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Australian Law and Politics

Alcopops Dispute Fizzes Out In Federal Court


The Federal Government has been taking a variety of measures intended to reduce “binge drinking”. One of those measures has been to increase rates of duty and excise on “ready to drink” mixed drinks known as Alcopops. Many of you have been following the fate of measures intended to raise customs duty on imported products and to raise excise duty on such products distilled here.

The Federal Government raised the rate of duty and excise by “Tariff Proposal” last year without legislation, allegedly as a measure to stop binge drinking by young people using the products. This was effected by the use of “Tariff Proposals” which were introduced into Federal Parliament prescribing increased rates of customs duty (by Customs) and excise duty (by the ATO). These measures are used to quickly introduce the new measures while awaiting the passage of legislation to formally implement the increased tariffs.

Generally the process is reasonably non controversial with the legislation being passed to validate the collection of duties according to the Tariff Proposals. However, this should not be construed as meaning that the process is actually legal. A number of High Court cases have held that the collection of increased duty in these circumstances is illegal. Many commentators have made observations to the same effect. Indeed, Cooper’s classic text on Customs and Excise describes the process as being tantamount to “extortion”. The ability for Customs and the ATO to undertake the collections is however, protected by provisions in the Customs Act and the Excise Act which state that even in the absence of validating legislation, no action can be brought against the illegal collection for a period of 12 months (or until the session of Parliament finishes if that is earlier ). The issue has rarely been contentious in recent times as the validating legislation has generally been passed.

If the validating legislation is not passed in the 12 month time period that leaves a number of interesting questions, not the least the process of claiming back the overpayments, the refunding of the amounts which had been overpaid, the correct recipients of the refunds and whether the parties who made the overpayments are entitled to interest. We have formed some views on these issues which may or may not yet need to be tested

In the case of the Alcopops duties and excise, as many would be aware, the legislation to support the increases was defeated by a sole Senator in the Senate (holding the balance of power) who wanted TV advertising of alcohol banned during family viewing hours on TV which was not forthcoming. The measures seemed defeated which raised issues of refunds. However, the distillers are now taking a voluntary ban on TV advertising as requested. The Senator has said that if that can be legislated he will support the measure which will allow the legislation to pass just before the 12 month deadline (13 May 2009), allowing the Government to keep the revenue collected and continue to impose the higher rates of duty and excise.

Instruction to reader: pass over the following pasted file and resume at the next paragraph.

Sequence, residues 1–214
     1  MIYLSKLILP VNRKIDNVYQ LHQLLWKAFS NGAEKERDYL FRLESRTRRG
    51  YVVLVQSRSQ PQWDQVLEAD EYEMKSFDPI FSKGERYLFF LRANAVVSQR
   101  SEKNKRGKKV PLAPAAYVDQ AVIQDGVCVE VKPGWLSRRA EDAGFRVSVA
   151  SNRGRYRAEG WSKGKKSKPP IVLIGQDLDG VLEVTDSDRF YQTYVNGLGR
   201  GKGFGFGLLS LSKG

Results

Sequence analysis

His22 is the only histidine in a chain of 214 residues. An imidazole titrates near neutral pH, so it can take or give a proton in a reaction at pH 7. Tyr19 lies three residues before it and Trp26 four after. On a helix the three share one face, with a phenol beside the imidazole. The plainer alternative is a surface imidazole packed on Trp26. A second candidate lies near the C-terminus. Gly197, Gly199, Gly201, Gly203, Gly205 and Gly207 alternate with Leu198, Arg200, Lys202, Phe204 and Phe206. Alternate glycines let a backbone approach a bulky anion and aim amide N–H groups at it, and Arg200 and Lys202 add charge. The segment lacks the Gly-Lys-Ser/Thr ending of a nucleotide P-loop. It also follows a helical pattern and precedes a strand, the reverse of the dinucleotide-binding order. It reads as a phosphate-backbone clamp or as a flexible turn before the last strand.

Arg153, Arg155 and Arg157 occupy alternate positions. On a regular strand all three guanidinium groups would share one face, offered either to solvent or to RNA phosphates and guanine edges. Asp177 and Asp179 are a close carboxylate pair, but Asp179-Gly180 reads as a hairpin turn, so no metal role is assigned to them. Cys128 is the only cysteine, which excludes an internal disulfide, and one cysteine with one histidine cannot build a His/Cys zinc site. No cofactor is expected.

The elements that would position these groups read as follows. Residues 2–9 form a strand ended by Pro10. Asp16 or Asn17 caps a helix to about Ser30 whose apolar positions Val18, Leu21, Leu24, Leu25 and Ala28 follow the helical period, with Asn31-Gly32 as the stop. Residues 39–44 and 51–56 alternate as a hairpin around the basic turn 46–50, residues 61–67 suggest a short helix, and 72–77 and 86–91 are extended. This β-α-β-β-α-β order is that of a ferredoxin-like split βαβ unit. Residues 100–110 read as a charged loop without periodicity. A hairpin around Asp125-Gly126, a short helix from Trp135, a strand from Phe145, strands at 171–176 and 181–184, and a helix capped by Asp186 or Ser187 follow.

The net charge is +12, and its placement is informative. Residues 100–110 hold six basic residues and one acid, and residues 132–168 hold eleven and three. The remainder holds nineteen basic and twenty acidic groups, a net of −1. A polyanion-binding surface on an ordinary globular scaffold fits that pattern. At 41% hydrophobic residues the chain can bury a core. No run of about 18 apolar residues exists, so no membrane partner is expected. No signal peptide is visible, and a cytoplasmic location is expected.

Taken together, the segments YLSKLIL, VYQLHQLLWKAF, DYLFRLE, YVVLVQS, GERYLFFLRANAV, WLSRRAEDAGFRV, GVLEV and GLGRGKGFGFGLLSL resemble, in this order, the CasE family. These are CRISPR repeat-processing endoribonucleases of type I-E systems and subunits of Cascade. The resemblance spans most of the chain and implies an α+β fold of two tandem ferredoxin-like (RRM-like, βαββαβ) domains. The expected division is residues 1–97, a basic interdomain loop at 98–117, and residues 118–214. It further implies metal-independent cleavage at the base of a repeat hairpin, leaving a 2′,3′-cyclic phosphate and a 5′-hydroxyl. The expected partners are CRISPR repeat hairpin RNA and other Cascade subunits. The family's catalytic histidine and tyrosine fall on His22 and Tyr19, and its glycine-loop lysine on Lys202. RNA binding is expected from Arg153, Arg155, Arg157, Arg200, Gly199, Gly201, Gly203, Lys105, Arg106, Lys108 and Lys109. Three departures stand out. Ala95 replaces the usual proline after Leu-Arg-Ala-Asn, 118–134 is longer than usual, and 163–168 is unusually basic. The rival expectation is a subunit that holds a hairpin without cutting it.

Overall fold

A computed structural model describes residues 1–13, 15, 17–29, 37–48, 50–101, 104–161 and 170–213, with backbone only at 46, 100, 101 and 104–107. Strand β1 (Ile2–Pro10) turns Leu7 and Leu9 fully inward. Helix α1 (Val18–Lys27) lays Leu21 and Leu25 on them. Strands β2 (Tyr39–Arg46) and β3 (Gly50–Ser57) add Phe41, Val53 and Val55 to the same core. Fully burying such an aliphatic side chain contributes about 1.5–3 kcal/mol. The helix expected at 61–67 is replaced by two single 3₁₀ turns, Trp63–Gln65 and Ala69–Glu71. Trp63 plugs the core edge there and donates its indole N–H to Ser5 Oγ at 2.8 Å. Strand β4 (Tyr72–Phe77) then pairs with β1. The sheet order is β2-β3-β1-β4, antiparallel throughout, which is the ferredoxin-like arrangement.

In the meantime, the Government has not withdrawn the Tariff Proposal meaning that Customs and the ATO continue to collect the higher rates of duty and excise as directed by Government.

Against this politics, the legal position has become even more controversial by a very recent application brought by one company (Suntory) against the ATO in the Federal Court with the support of the Distillers Industry association. The thrust of the action is seeking an interlocutory injunction against the ATO (not Customs) to stop the collection of the increased excise as the measure was apparently defeated during the last sitting of Parliament. Some novel arguments have been raised that the protections against collection of excise without legislative support only apply to past and not future action so that future collections should not be permitted – a version of the argument that there can be “no collection without legislation”. The Federal Government opposed the proceedings and in doing so, sought a stay on the hearing of the application until 14 May 2009 – being the date 12 months after the introduction of the Tariff Proposal and also the beginning of the next sitting of Parliament at which time the fate of the measures will probably have been resolved through the political agenda and the continued collection of the measures will either have been confirmed or rejected so that refunds will then be payable.

The judge of the Federal Court has today (15 April 2009) ordered that Suntory’s application be stayed until after midnight on 13 May 2009, reflecting the 12 month protection granted in the Excise Act. The application in respect of the substantive claim, being the refund of the duty, still has to be heard and a decision made on the application. Although if the measures are not passed and the Government voluntarily refunds the duty, the parties may agree that the application be dismissed.

As you would expect, there were a lot of people watching the proceedings closely even if they potentially only would have had an impact for a month in this case. The fact that the Court would not hear Suntory’s application prior to the 12 month period passing certainly clarifies the position in respect of the future use of the Tariff Proposal approach.

About Craig Hill

Teacher and Writer. Writing has been cited in New York Times, BBC, Fox News, Aljazeera, Philippines Star, South China Morning Post, National Interest, news.com.au, Wikipedia and others.

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